Following the antimicrobial phase, Dr. Davina focused on removing other harmful ingredients from John’s diet that could trigger Vaso Vagal responses and contribute to gut dysbiosis.


Treatment:


 Antimicrobial Therapy: John was prescribed a tailored course of natural and pharmaceutical antimicrobials to reduce the overgrowth of harmful bacteria and yeast.


 Dietary Adjustments: He was placed on a low-sugar, anti-inflammatory diet void of processed foods, whole grains and glutens to starve the pathogens and support a healthy gut. John was started on a diet rich in antioxidants, polyphenols, essential fatty acids and aminos acids, and medium chained fatty acids (MCTs).


 Reseeding the Gut: Following antimicrobial therapy, a regimen of high-quality probiotics and prebiotics was introduced to reseed the gut with beneficial bacteria. Foods rich in natural probiotics, like fermented sheep yogurt, were incorporated into his daily meals.



3. Testing DNA Status for Detoxification, Methylation, and Inflammation Pathways:


To tailor the treatment further, Dr. Davina conducted DNA testing to assess John’s genetic status concerning detoxification, methylation, and inflammation pathways. This personalized genetic insight allowed for targeted nutritional and supplemental support.


The following High impact genes were identified and addressed in order to support John detoxification, inflammation and methylation pathways.



The following high impact genes were identified that could negatively impact John's autonomic nervous system if his body was chronical inflamed.


  • ACE II : Lower blood pressure, reduced cardiovascular risk, enhanced endurance performance but also contributing in a negative way during a vasovagal episode.

  • COMT GG: Faster breakdown of dopamine, increased risk of anxiety and stress-related disorders.

  • CYP2R1 GG: Reduced vitamin D activation, higher risk of vitamin D deficiency.

  • GSTT1 DEL: Reduced detoxification capacity, higher oxidative stress, and potential cancer risk.

  • IL-1+: Increased inflammatory response, higher risk of inflammatory conditions.

  • MAOA GG: Slower neurotransmitter breakdown, increasing his risk for the ability to regulate his autonomic system.


Outcome:


Using a variety of dietary changes and supplements to improve his detoxification, inflammation and methylation pathways tailored to his needs John experienced a remarkable reversal of his symptoms. His fainting spells completely ceased, and he reports increased energy levels and overall enhanced well-being to this day. The targeted approach of addressing gut health, personalized dietary changes, and genetic-based supplementation proved effective in managing and reducing the symptoms of his long-standing Vaso Vagal Syndrome.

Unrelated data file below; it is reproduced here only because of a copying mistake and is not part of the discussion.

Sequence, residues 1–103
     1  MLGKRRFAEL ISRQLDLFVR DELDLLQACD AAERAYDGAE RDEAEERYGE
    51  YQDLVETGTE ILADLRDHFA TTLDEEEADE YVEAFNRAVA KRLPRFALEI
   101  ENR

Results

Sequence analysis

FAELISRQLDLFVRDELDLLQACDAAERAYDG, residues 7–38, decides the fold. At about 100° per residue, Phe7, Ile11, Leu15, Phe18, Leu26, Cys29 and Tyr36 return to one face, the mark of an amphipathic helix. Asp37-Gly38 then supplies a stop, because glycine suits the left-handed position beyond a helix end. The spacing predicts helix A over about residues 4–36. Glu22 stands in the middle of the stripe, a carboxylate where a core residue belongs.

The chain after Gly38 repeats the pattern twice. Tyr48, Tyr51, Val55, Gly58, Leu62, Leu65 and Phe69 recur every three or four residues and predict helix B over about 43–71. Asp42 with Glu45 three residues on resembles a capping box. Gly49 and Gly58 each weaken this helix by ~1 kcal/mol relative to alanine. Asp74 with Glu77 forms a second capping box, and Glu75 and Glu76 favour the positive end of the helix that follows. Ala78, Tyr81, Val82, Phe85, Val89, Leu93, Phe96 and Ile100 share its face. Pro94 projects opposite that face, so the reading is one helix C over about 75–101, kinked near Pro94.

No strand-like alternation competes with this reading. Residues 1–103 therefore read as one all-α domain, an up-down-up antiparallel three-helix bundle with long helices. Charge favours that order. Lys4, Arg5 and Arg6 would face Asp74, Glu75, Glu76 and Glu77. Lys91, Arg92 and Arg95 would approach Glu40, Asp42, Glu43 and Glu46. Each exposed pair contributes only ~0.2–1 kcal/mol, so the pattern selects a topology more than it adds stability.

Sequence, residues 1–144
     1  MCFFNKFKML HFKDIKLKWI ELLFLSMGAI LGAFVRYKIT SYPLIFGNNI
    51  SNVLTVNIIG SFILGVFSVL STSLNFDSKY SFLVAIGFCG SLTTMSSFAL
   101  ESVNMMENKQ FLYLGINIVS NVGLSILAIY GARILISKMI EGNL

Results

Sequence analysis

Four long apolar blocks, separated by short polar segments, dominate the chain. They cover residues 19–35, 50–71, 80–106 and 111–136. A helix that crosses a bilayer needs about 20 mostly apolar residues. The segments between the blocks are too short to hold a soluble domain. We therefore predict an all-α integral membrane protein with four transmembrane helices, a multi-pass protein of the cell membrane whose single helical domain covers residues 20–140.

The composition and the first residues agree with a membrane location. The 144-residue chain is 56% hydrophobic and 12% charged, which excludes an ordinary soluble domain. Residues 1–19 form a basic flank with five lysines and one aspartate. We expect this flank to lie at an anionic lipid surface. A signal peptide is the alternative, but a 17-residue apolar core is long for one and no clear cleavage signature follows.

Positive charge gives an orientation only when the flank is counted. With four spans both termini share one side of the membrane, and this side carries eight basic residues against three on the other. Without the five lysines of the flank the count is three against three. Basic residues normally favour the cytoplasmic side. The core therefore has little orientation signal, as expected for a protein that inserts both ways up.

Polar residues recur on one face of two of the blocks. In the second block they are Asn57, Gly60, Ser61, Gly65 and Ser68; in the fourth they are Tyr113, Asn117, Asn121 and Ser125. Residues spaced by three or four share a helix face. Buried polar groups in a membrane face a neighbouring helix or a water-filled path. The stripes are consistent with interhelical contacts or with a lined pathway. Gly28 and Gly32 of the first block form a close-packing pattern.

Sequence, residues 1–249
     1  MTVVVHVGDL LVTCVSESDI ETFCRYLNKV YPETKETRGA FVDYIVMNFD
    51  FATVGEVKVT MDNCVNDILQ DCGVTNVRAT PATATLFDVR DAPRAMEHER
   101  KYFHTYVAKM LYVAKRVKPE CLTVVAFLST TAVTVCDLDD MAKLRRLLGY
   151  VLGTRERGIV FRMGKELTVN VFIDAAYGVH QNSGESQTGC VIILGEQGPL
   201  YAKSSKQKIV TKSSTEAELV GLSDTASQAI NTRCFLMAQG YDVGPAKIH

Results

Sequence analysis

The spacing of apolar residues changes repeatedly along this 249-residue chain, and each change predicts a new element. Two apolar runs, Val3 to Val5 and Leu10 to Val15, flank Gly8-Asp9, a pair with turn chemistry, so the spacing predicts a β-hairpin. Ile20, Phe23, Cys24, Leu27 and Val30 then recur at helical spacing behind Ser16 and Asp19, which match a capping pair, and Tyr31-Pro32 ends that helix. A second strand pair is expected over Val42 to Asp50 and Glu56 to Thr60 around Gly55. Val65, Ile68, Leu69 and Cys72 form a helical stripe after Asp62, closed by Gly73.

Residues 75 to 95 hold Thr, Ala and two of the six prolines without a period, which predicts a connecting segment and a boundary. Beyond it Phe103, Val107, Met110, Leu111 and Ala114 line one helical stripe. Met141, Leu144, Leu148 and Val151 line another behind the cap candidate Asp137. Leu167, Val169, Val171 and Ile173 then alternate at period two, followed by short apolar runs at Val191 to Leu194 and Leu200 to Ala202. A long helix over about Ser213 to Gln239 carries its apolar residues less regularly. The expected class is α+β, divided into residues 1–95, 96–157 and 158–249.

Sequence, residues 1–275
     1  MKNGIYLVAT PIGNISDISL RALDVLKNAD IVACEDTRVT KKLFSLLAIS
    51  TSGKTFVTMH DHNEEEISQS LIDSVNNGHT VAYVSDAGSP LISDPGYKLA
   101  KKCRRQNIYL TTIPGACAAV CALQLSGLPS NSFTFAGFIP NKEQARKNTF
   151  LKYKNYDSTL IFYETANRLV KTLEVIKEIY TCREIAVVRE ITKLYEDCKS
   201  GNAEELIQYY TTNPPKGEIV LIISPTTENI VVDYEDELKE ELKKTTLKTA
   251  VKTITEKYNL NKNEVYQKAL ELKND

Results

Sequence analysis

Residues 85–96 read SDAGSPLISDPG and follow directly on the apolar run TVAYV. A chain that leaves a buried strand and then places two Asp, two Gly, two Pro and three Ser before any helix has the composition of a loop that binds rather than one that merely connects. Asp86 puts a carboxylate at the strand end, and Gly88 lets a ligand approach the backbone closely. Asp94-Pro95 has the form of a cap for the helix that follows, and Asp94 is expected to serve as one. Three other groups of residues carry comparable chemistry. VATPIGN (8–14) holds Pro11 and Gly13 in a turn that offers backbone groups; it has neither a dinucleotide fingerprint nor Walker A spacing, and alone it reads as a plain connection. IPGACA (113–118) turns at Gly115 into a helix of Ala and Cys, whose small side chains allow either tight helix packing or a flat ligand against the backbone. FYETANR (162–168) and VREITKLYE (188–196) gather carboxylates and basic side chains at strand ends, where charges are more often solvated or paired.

Conclusion:


John Doe's case demonstrates the potential of a regenerative medicine approach in treating complex and chronic conditions like Vaso Vagal Syndrome. By addressing gut health, removing harmful dietary elements, and providing personalized genetic support, Dr. Davina at The Med Spa at Clinical Edge successfully improved John's quality of life, showcasing a holistic pathway to health and healing.


If you or someone you know is struggling with Vaso Vagal or POTS syndrome call or text 609-336-3313 and find out how the Med Spa at Clinical Edge can help.


References:


1. Cryan, J. F., & Dinan, T. G. (2012). Mind-altering microorganisms: The impact of the gut microbiota on brain and behavior. Nature Reviews Neuroscience, 13(10), 701-712. doi:10.1038/nrn3346


2. Fasano, A. (2012). Zonulin, regulation of tight junctions, and autoimmune diseases. Annals of the New York Academy of Sciences, 1258(1), 25-33. doi:10.1111/j.1749-6632.2012.06538.x


3. Lee, Y. K., & Mazmanian, S. K. (2010). Has the microbiota played a critical role in the evolution of the adaptive immune system? Science, 330(6012), 1768-1773. doi:10.1126/science.1195568


4. Schemann, M. (2005). The enteric nervous system: Pathophysiology and clinical implications. Neurogastroenterology & Motility, 17(3), 199-209. doi:10.1111/j.1365-2982.2005.00687.x


5. Aponte, M. M., & Zierler, M. A. (2021). Postural orthostatic tachycardia syndrome (POTS) and the role of the gut microbiome in its pathogenesis. Journal of Clinical Medicine, 10(4), 742. doi:10.3390/jcm10040742


6. Turnbaugh, P. J., Ley, R. E., Mahowald, M. A., Magrini, V., Mardis, E. R., & Gordon, J. I. (2006). An obesity-associated gut microbiome with increased capacity for energy harvest. Nature, 444(7122), 1027-1031. doi:10.1038/nature05414


7. Raj, S. R. (2013). Postural tachycardia syndrome (POTS). Circulation, 127(23), 2336-2342. doi:10.1161/CIRCULATIONAHA.112.144501